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An international team of scientists has discovered heart disease in ancient Egyptian mummies, dispelling the view that cardiovascular disease is an illness of modern humans.
Researchers used computer X-ray tomography, or CAT scans, to see whether they could detect evidence of heart disease in 22 mummies located at the Museum of Antiquities in Cairo, Egypt.
CAT scans are commonly used to monitor cardiovascular disease patients.
The mummies were between 2,000 and 35-hundred years old, according to Randall Thompson, a cardiologist with the Mid-America Heart Institute in Kansas City, Missouri. Thompson, who led a study of the mummies, says they were extremely well-preserved.
"There was cardiovascular tissue in a fair number of these mummies," said Randall Thompson. "Sixteen had either the heart or cardiovascular system intact that we could say something about them. And we also found atherosclerosis, or the disease that causes heart attacks and strokes, was not uncommon."
Thompson says the CAT scans showed definite evidence of atherosclerosis, which is the buildup of fat, cholesterol and calcium, on the inside walls of blood vessels of three mummies and probable atherosclerosis in three more. Atherosclerosis causes stiffening and narrowing of the arteries, restricting blood flow to the heart and brain.
Thompson says atherosclerosis was significantly more common in mummies that were 45 years of age or older at the time of death, and it looked much like calcification seen in the arteries of modern heart patients.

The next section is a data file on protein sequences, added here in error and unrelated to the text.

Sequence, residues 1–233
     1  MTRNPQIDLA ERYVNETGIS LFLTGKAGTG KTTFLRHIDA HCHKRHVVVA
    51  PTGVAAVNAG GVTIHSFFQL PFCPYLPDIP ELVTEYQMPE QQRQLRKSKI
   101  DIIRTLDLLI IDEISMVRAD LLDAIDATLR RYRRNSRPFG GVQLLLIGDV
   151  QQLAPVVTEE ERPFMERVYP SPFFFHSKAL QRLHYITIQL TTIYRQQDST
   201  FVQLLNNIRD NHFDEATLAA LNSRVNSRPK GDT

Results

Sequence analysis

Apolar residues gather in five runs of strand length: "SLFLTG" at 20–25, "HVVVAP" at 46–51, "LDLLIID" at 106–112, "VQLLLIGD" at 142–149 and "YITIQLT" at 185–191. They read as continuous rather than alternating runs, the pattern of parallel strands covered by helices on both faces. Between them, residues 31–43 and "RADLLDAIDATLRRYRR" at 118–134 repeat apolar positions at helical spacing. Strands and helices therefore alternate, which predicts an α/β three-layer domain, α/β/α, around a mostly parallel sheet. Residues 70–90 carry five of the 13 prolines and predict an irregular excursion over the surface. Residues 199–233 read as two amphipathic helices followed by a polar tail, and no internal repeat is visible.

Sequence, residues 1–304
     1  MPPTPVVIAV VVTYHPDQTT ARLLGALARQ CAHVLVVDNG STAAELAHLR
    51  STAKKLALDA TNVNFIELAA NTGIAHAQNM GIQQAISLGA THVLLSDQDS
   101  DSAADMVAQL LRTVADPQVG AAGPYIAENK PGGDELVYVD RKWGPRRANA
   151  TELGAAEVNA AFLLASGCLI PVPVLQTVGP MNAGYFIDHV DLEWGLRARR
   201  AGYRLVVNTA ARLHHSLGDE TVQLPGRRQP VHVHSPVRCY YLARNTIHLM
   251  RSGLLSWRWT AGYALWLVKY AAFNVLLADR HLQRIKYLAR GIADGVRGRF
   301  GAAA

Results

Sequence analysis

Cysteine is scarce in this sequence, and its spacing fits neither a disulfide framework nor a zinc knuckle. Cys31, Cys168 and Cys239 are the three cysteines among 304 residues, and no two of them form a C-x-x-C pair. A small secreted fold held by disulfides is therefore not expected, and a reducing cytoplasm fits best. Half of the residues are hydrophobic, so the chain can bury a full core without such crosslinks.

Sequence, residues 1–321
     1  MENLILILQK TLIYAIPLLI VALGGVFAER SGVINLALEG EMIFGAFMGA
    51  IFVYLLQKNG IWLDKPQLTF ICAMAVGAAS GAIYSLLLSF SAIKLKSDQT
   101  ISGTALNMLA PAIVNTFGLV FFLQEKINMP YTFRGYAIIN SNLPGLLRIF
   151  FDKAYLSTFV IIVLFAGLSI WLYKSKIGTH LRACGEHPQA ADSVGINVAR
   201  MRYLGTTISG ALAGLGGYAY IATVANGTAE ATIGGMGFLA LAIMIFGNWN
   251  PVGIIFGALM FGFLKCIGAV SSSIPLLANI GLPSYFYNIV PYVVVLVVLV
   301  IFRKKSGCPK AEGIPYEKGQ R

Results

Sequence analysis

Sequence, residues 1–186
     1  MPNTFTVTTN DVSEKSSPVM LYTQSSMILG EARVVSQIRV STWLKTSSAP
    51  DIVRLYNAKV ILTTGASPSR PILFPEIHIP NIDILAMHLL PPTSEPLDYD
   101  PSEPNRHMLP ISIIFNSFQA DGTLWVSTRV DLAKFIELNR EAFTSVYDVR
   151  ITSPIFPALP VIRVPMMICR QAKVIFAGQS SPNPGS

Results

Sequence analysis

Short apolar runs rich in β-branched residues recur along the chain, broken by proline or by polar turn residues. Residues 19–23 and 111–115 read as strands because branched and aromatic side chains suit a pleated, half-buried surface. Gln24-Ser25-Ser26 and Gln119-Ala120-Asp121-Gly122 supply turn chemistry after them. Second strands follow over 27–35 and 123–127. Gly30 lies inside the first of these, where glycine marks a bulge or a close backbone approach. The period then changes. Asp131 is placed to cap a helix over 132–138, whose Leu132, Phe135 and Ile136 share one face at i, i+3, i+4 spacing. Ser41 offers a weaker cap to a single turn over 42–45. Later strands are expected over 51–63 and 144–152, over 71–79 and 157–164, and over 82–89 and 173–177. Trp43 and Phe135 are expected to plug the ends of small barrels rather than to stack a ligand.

Although the mummies had been members of ancient Egypt's upper classes, meaning they lived and ate well, Thompson says their lifestyle was significantly healthier than today's.
"They didn't eat processed food or transfats; didn't smoke, and even the wealthier individuals almost certainly got a lot of exercise," he said. "There was no motorized transportation; they had to walk everywhere they went. And so we were a bit surprised. They had the disease that causes heart attack and strokes way back then even though their diet and lifestyle were quite different than ours."
Thompson says he's using what he's learned from his mummy study to counsel his patients, especially those who have dieted and exercised in an effort to avoid heart disease.
"I'm able to point out the disease has been around so long, since really literally before the time of Moses, that they have a genetic hand-me-down," said Thompson. "I think it helps them get beyond the feelings of guilt or denial to focus on what they can do about it. "
Thompson believes cardiovascular disease appears to be part of the human condition, and he said scientists should pay attention to beyond known risk factors as causes for heart disease.
Researchers describe their discovery of heart disease in ancient mummies this week in the Journal of the American Medical Association.